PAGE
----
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The past few days have left me faced with a range of emotions combined with an even greater range of questions running through my mind. I have questioned whether it was worthwhile for me to have returned to Chimbote for a second time. I wondered if I was making any sort of impact on the community, and after several long days at the Maternidad I longed to return home to Providence to be surrounded by the comforts of home, my family and my friends. I repeatedly asked myself “why am I here?” My answer came to me in a reflection with a friend over M&Ms and Oreos this afternoon. I was called to Chimbote to be a source of love to the people. Through this trip I have been able to give of my heart, to love with all my heart, and to find the place where my heart is filled with gladness as I provide the love  and attention that the children and people of Chimbote so desperately hunger for. I was able to realize that I have been called in such a special way by God to serve and to love the people with whom I work each day, and that, despite my hesitations, I have been so very much blessed to have had this second opportunity.

Amor y esperanza. Love and hope. The Materindad de Maria was created to be an oasis of love and hope amid poverty and violence.  This week I have been exposed to a great deal of  poverty and violence that have left me without much hope wondering where the love has gone. On Saturday I participated in a walk to end women’s violencIMG_8386.JPGe. Violence against women is a huge problem in this region, and the walk was the first time that the public had taken a strong stance in support of the women. The day after the walk,  I learned that one of the women I had walked alongside of was shot and killed by her husband because of her participation in the march. I then traveled to one of the poorest houses that I have ever seen. The family lives in a tiny one bedroom house that is furnished with one twin bed, one light, and one gas burner. The father is a diabetic and paralyzed from Processed with VSCO with c1 presetthe waist down, the children ages two and four are undocumented, and the wife is pregnant with their third child. Ellie and I spent two hours after the visit going from community to community searching for an empty house that the family could relocate to, and were unsuccessful. The following morning the wife gave birth to a beautiful baby boy. I stood beside the mother and child in the maternity ward after the birth and questioned what life the baby boy would have. We returned to the house  later the next day only to find that the father had not fed his two children since his wife had gone into labor. I looked at the room and at the children and held in my tears.  My heart so strongly wanted to scoop all three up and bring them back to the house with me- to bathe them, dress them in clean clothing and feed their hungry tummies. I instead ran to the market, bargained to get as much food as I could with only one sol, and returned to the house watching to ensure that the father fed his two children.  Where was the love and hope in this situation?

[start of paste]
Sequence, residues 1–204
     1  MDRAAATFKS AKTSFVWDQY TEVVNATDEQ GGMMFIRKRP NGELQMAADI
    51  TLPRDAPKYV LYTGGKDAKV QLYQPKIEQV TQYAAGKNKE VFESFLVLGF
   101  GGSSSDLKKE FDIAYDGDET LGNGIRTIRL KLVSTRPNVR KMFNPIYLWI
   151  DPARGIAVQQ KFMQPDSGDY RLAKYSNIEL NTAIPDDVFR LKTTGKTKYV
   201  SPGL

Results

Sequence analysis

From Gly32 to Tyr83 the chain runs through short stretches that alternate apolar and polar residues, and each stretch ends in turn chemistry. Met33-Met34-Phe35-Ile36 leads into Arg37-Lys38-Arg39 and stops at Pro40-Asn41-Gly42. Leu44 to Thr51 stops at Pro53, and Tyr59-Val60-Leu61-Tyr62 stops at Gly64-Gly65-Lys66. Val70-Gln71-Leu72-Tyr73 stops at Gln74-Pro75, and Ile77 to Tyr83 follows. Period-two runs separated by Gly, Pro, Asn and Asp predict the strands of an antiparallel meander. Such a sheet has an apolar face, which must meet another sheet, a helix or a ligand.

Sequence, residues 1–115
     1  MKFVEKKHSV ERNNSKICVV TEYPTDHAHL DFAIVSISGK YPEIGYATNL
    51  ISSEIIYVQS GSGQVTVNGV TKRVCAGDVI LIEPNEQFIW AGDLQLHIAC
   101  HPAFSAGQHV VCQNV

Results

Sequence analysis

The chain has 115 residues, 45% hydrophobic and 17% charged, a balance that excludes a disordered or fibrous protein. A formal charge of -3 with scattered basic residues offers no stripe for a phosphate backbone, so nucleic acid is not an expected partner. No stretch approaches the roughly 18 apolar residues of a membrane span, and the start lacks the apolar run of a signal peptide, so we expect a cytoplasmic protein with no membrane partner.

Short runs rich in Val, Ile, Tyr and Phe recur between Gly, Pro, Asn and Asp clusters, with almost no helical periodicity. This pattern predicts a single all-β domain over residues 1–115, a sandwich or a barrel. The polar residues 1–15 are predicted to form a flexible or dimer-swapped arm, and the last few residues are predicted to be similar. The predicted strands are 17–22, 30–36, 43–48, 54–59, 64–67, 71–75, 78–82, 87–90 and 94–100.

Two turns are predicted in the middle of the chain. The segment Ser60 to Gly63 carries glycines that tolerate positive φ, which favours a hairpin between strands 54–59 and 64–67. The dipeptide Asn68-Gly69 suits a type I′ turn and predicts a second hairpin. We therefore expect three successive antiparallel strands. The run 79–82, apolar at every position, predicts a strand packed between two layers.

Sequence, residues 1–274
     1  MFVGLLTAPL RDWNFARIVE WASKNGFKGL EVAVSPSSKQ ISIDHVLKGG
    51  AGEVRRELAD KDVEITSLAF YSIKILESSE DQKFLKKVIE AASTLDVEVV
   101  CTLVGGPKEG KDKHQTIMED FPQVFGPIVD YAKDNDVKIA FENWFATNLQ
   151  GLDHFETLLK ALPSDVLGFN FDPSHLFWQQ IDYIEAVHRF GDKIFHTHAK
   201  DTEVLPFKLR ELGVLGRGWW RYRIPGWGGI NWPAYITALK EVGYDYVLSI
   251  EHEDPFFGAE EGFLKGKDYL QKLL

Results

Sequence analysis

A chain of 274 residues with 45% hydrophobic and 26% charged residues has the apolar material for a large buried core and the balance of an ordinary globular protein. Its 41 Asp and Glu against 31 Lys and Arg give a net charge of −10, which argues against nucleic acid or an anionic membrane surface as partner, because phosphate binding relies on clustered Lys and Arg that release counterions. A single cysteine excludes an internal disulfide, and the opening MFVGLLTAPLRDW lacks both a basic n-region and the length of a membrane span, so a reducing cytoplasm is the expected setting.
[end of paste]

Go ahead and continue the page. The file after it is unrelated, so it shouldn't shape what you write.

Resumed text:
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That afternoon, despite the morning’s heartbreak, I was able to celebrate Sandra’s second birthday. The local Lion’s Club threw a huge birthday bash for my sweet girl complete with candies, cake, dancers and a piñata. I am so very blessed to have spent the past two years celebrating her birthday, and although it breaks my heart to see her celebrating her birthday in the orphanage, I am so very grateful for the compassion, love, and care that she and the other children receive. As much as I love the home visits, I always look forward to my afternoons with the children. Watching them giggle as we run around the yard chasing bubbles, lifting them high in the air, and dressing them in Providence College gear hoping that they might one day become future Friars brings me so much joy.

Despite the heartbreak, poverty, and violence that surround me the children renew a sense of hope within my soul. They crave my attention and love and they remind me of the things that matter most. I hold the people of Chimbote in my prayers each day as I hope and pray for an end to poverty and violence, and work each day to be a beacon of amor y esperanza as I fulfill my special calling.

With love from Peru,

Kate